District Judge B. Lynn Winmill granted a pause Wednesday on the Idaho law banning nearly all abortions as it applies to emergency care at hospitals, following a challenge by the U.S. Department of Justice. The department argued the law violates the federal Emergency Medical Treatment and Labor Act.
The abortion ban becomes effective Thursday, but doctors facing emergency medical decisions are protected from penalties under the abortion ban for now with Winmill’s ruling.
“Specifically, the state of Idaho, including all of its officers, employees, and agents, are prohibited from initiating any criminal prosecution against, attempting to suspend or revoke the professional license of, or seeking to impose any other form of liability on, any medical provider or hospital,” the ruling states, if an abortion is necessary to avoid placing the health of a pregnant patient “in serious jeopardy” or risking serious impairment to bodily functions or organs.
The injunction will be in effect until a final judgment is reached in the case at a later date, according to the order.
“Allowing the criminal abortion ban to take effect, without a cutout for EMTALA-required care, would inject tremendous uncertainty into precisely what care is required (and permitted) for pregnant patients who present in Medicare-funded emergency rooms with emergency medical conditions,” Winmill wrote.
Winmill issued the written decision two days after a hearing in Boise between the Department of Justice and attorneys for the Idaho Attorney General’s office and the Idaho Legislature. The Department of Justice filed a lawsuit at the beginning of August against the state of Idaho on the grounds that the abortion ban violates the federal Emergency Medical Treatment and Labor Act (EMTALA). That law requires hospitals that receive payments for the federal Medicare program to provide medical care to stabilize all patients who come to the hospital with a medical emergency. Violating the federal EMTALA law can result in a hospital losing its ability to receive Medicare payments, which is one of the main sources of revenue for hospitals.
Idaho’s trigger law prohibits abortion in Idaho in nearly all cases, with potential defenses for rape, incest or to save a patient’s life. If a medical provider violates the statute, they can be convicted of a felony with a sentence of two to five years in prison. Anyone who performs or assists in abortion can also have their license suspended for a minimum of six months or permanently.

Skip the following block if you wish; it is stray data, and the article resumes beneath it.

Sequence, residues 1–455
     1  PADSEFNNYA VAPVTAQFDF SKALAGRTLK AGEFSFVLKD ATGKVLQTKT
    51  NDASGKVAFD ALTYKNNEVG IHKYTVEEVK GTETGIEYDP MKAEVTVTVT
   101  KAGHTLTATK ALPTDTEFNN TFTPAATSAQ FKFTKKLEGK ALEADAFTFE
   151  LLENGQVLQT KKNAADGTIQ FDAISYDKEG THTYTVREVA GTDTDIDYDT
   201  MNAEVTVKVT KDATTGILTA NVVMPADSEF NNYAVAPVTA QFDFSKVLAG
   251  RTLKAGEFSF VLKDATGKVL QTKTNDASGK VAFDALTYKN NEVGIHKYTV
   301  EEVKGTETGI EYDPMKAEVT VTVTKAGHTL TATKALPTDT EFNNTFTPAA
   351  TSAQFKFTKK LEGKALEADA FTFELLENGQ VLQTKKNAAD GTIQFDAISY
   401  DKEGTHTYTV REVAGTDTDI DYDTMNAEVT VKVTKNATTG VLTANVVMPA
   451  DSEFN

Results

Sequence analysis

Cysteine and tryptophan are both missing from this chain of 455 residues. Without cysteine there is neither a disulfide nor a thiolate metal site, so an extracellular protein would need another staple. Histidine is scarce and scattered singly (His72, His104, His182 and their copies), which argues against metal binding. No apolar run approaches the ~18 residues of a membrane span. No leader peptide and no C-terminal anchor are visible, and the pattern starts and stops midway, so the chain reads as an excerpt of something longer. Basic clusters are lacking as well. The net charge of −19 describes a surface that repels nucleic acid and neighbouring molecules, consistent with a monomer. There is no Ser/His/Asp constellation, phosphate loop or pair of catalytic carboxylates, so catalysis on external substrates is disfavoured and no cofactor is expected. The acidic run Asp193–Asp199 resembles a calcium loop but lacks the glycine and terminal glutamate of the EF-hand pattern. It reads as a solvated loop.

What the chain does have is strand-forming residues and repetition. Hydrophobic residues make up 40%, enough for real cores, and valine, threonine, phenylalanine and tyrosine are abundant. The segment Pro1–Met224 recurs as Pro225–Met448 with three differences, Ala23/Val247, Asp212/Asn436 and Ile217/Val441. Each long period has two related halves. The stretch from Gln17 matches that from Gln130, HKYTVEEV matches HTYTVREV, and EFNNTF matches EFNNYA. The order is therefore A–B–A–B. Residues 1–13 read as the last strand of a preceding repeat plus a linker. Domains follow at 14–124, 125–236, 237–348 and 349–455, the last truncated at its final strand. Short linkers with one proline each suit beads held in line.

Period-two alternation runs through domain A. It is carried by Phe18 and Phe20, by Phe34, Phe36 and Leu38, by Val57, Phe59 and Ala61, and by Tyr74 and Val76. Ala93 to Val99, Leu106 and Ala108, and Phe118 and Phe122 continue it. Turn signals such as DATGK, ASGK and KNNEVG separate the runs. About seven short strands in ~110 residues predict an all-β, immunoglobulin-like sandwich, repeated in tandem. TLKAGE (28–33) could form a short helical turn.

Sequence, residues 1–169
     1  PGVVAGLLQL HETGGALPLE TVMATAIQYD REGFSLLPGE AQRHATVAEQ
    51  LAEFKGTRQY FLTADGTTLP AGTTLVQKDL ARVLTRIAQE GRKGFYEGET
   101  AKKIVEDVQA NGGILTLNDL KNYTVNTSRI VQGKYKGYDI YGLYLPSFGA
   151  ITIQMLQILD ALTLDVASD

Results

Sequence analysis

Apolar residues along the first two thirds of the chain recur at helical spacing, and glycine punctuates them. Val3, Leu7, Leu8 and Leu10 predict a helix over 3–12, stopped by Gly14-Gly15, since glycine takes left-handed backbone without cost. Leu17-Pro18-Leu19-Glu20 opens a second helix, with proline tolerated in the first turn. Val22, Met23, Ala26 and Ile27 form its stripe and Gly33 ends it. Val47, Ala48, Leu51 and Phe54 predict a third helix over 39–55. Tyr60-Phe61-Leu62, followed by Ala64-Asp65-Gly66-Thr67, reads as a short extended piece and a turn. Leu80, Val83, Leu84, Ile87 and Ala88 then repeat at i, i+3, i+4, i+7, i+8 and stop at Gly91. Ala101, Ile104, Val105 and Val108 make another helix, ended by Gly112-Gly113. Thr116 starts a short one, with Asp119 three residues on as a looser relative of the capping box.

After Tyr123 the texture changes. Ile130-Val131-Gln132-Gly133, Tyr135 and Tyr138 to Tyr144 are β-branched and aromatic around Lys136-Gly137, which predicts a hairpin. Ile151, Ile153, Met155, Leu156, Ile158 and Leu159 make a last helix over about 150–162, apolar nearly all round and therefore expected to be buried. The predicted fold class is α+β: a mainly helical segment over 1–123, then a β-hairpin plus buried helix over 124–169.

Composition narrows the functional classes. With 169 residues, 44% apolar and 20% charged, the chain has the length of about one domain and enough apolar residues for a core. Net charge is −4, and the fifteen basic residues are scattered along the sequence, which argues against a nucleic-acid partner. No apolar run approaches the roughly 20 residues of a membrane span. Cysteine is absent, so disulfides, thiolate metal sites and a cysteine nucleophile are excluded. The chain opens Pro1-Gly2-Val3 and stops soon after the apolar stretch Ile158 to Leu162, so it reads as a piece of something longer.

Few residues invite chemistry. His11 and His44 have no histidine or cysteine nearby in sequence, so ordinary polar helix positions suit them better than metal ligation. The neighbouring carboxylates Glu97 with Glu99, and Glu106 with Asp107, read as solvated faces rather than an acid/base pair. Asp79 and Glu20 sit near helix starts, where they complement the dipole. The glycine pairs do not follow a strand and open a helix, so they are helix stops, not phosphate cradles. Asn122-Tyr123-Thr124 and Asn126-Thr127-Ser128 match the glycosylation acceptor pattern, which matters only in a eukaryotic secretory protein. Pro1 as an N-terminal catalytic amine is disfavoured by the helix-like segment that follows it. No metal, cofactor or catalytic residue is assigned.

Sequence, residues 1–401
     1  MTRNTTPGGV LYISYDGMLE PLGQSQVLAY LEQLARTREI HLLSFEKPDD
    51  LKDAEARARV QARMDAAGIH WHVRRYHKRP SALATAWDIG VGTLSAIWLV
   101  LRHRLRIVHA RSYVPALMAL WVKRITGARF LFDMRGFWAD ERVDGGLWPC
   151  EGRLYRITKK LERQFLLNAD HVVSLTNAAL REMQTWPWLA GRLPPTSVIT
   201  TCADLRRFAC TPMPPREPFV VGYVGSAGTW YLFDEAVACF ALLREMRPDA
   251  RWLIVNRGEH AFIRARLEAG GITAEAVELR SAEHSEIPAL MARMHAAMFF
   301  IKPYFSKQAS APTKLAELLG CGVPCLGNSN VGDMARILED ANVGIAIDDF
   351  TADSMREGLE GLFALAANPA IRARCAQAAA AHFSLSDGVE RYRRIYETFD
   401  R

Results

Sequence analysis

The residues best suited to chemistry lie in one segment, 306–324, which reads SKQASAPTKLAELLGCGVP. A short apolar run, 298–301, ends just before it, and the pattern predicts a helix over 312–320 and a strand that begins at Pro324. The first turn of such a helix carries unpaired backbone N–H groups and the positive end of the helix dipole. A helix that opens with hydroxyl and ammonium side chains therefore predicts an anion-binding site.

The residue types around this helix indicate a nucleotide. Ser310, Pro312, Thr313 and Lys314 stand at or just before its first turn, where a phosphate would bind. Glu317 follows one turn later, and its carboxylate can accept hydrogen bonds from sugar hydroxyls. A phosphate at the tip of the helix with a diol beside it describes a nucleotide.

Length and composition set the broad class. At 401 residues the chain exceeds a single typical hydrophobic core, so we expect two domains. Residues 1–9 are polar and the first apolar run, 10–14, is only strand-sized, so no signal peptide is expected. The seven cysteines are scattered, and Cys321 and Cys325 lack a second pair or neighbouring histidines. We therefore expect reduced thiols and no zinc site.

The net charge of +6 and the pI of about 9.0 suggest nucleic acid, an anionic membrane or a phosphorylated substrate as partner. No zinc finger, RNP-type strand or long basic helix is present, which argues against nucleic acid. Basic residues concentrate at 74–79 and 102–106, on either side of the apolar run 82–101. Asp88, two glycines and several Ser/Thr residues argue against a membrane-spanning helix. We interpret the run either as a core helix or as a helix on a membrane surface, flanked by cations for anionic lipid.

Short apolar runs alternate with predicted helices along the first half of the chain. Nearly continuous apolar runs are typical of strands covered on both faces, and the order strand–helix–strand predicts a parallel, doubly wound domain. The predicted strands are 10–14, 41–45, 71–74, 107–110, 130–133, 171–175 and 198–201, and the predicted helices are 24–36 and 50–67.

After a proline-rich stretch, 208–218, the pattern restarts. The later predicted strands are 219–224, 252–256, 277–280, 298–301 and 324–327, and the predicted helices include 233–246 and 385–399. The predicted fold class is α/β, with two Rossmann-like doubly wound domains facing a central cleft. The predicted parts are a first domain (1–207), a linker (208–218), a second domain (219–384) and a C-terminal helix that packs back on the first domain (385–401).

The Department of Justice’s complaint said Idaho’s trigger law puts health care providers in an untenable position of risking either criminal prosecution under the state law or enforcement actions under the federal EMTALA law.
“The clear and intended effect of Idaho’s criminal abortion law is to curb abortion as a form of medical care. This extends to emergency situations, obstructing EMTALA’s purpose,” Winmill wrote. “Idaho’s choice to impose severe and sweeping sanctions that decrease the overall availability of emergency abortion care flies in the face of Congress’s deliberate decision to do the opposite.”
During Monday’s hearing, Winmill indicated he was inclined to grant the Department of Justice’s request to halt implementation of the law, saying he had several concerns about situations highlighted by physicians and he thought the federal law and Idaho’s law seemed to be in “absolute conflict” with each other.
The decision is contrary to a ruling that came Tuesday night from a federal judge in Texas, who said guidance from the U.S. Department of Health and Human Services about the law “goes well beyond” the text of the federal law, which he wrote “protects both mothers and unborn children, is silent as to abortion, and preempts state law only when the two directly conflict,” according to reporting from States Newsroom. That decision applies to the state of Texas, members of the American Association of Pro-Life Obstetricians and Gynecologists and the Christian Medical & Dental Associations.